Say no to the infamous green bean casserole
With Thanksgiving only a couple of days away, there is still time for those of you who will be in the kitchen to spare holiday diners a culinary atrocity. YOU DO NOT HAVE TO SERVE THAT GREEN BEAN CASSEROLE.
I concede the genius in marketing that has made the vile desecration of a fine vegetable with Campbell’s condensed cream of mushroom soup and French’s french-fried onions a holiday tradition and malformed the palates of generations. But you do not have to be a party to this.
You could get hold of some mushrooms and some stock and let your families taste what actual mushroom soup is like. You could cook your green beans all morning with some bacon or ham, as my mother did.* Or you could steam them until they are tender and combine them with sweet butter and lemon juice. Have your families ever experienced what green beans taste like?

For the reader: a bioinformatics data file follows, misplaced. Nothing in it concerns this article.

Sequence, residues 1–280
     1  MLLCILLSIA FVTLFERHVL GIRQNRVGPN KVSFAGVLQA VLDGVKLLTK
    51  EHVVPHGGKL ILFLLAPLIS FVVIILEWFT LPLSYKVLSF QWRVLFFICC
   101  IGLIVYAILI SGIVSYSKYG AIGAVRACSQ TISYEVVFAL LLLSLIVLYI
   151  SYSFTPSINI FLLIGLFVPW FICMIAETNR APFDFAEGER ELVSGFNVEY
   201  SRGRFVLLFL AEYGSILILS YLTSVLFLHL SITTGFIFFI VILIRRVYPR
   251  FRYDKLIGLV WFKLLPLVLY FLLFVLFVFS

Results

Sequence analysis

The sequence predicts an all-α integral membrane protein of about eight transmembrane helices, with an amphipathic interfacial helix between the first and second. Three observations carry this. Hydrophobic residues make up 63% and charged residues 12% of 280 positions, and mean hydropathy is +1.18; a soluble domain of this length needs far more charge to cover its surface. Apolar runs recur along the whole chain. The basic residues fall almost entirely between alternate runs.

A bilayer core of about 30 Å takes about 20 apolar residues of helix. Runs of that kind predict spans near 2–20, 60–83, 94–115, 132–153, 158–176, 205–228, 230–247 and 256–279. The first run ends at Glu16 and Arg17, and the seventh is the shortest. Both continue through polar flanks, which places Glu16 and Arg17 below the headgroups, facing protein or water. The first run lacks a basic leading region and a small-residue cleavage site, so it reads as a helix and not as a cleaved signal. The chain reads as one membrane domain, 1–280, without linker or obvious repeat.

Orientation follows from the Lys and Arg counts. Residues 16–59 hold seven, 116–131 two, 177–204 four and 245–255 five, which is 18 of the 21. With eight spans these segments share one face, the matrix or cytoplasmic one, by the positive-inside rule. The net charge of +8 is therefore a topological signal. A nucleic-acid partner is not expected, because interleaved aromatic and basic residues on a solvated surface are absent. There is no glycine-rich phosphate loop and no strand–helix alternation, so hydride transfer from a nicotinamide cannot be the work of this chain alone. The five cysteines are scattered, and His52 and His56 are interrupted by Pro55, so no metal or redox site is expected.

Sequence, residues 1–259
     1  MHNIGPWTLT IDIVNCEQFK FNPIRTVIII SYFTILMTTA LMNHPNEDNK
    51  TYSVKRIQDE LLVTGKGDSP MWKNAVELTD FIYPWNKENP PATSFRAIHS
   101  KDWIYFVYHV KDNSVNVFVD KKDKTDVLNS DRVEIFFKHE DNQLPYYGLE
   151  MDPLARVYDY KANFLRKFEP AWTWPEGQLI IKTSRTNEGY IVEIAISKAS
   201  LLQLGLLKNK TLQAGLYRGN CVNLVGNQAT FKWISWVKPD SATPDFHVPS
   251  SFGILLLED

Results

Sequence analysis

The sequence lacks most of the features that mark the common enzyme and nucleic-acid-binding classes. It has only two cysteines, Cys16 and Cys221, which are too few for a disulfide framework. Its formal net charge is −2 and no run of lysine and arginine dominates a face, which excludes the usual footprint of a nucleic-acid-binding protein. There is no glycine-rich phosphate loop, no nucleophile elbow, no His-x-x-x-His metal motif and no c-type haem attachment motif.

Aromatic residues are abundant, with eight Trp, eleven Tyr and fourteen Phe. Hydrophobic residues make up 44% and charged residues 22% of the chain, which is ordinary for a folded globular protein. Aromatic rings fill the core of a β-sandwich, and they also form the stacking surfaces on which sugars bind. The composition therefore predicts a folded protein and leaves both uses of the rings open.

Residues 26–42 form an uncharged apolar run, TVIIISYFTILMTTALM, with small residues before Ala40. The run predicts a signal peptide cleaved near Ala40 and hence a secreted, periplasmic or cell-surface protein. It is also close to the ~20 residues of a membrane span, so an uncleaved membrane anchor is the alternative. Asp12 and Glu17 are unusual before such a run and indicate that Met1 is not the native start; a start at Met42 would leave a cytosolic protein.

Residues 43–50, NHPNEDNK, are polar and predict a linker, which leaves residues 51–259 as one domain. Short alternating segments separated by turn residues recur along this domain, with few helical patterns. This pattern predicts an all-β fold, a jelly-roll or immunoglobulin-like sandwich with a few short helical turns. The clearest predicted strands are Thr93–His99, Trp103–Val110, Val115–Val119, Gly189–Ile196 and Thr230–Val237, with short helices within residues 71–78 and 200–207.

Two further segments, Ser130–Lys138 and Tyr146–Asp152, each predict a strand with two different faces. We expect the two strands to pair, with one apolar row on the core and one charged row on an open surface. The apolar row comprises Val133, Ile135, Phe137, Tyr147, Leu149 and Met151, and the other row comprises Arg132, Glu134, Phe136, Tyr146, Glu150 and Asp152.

Yes, you will have to contend with resistance from people at the table who think they like this bland slop and consider it an indispensable component of festivity. Be strong. If you do not educate them in the taste of real food, who will? Stand your ground. Ecrasez l’infame!
*High on the list of things you will never hear a Southerner say: “I believe you cooked those green beans too long.”